RE: Technique needed for distinguishing CaCO3 and bone
Calcium carbonate does polarise, it was the original material from which
Nicol Prisms were made (polarisers before polaroid was invented). I was
thinking along the same lines. I am also fascinated by the dinosaur bones,
how exciting, are there any images in the net? By the way the original form
of calcuim carbonate used for Nicol Prisms is called Iceland Spar.
University of Cambridge
From: Gayle Callis [mailto:firstname.lastname@example.org]
Sent: Wednesday, July 02, 2003 8:48 PM
To: Joseph.Daniel@colorado.edu; email@example.com
Subject: Re: Technique needed for distinguishing CaCO3 and bone
Enlighten us please! Are you working with dinosaur bone? Is it embedded
in anything? Why is there calcium carbonate covering the bone? Is this
from being a cave with water dripping on bones for a long period of time,
like thousands of years, encasing the bone with CaCO3? like a stalagtite?
I know that dinosaur bone can be embedded in PMMA, even in its extremely
dried state. I did T rex bone that had laid around for many millions of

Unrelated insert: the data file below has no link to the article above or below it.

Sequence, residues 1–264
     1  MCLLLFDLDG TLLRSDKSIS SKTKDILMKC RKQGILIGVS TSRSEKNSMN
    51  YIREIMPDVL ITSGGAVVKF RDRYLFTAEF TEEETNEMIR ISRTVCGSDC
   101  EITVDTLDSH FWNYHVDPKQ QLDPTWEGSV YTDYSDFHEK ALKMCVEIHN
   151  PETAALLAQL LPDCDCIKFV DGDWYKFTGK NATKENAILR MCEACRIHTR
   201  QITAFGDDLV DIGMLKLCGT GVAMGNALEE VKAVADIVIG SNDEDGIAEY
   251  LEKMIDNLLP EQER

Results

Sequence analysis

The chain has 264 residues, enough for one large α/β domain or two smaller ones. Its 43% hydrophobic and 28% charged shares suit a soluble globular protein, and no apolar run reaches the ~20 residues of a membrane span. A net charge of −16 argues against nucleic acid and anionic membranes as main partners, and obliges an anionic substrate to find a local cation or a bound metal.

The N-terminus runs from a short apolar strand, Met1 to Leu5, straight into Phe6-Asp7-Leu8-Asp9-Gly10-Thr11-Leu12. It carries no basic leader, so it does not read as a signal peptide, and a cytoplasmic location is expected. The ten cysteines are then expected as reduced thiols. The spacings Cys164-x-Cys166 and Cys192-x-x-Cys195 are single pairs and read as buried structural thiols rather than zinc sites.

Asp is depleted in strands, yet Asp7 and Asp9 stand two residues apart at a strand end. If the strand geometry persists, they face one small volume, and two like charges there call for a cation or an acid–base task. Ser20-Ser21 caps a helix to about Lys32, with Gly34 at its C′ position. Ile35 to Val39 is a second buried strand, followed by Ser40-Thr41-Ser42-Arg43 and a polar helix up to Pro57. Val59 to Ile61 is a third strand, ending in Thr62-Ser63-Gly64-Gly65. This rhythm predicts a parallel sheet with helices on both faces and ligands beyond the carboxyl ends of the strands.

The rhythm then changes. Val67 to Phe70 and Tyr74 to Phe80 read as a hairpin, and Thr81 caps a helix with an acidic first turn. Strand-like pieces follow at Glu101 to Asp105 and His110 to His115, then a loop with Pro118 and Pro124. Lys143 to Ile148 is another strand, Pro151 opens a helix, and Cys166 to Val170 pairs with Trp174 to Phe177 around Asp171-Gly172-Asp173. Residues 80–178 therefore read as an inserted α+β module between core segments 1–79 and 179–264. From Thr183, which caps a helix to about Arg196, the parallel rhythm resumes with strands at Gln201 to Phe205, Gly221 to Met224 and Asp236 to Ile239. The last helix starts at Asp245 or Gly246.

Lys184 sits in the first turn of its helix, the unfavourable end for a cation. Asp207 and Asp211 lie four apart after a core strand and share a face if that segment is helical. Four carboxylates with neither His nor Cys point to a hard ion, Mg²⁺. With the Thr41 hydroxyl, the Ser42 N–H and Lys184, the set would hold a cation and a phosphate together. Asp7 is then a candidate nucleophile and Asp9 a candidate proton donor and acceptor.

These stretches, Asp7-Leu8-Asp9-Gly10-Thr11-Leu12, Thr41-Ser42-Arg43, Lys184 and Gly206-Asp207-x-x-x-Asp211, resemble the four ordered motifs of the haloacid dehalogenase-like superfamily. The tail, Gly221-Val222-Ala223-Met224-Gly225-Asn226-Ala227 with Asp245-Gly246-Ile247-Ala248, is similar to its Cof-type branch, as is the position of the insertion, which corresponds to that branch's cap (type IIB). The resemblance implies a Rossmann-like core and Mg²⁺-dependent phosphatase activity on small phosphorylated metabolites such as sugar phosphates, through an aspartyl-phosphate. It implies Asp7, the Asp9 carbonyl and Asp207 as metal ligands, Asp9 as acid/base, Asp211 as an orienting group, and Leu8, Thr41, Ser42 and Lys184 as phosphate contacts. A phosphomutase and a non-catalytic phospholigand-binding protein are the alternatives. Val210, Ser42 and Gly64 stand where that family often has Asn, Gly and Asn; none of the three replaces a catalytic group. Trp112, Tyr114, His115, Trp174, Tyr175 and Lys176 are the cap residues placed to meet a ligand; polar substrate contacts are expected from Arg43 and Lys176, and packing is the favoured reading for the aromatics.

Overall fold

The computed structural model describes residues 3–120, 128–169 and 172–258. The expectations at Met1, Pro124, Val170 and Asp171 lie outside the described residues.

years, did no do any dehydration or anything to disrupt the fragile bone
(trabeculae were amazing lifelike and intact). The bone was infiltrated
ONLY with PMMA embedding mixture, then allowed to polymerize. After that,
one could cut it with a diamond blade without any problems and no ancient
(extinct) bone damage.
If you can stabilize the bone/CaCO3 in plastic, you should be able to slice
it thinnly (200 um or more) then do image analysis) - the bone, even
extinct bone could possibly be surface stained to distinguish it from the
CaCO3 within the slice. You could also examine the bone with polarized
light, I don't think CaCO3 polarizes, but not sure on this, some salt
crystals will polarize or you could distinguish the salt crystals from bone
collagen matrix by differences between collagen and crystal - i.e. the
morphology, if you will. Hmm not sure I said that correctly.
Just some thoughts.
At 07:13 AM 7/2/2003 -0600, you wrote:
>I have several slices of bone with calcium carbonate deposited on them. I
>searching for a good way to readily distinguish between the original bone
>the deposited calcium carbonate. I can usually do so by visual inspection,
>the differences are too subtle for my image analysis software to pick up.
>goal is to be able to quantitatively determine the amount of deposition on
>bone. If someone knows a stain or some treatment that I might be able to do
>that will help bring out the differences between the calcium carbonate and
>bone, I will be most appreciative.
>Thanks for your help.
>Museum and Field studies Program
>University of Colorado at Boulder
Research Histopathology Supervisor
Veterinary Molecular Biology - Marsh Lab
Montana State University - Bozeman
S. 19th and Lincoln St
Bozeman MT 59717-3610
406 994-6367 (lab with voice mail)
406 994-4303 (FAX)
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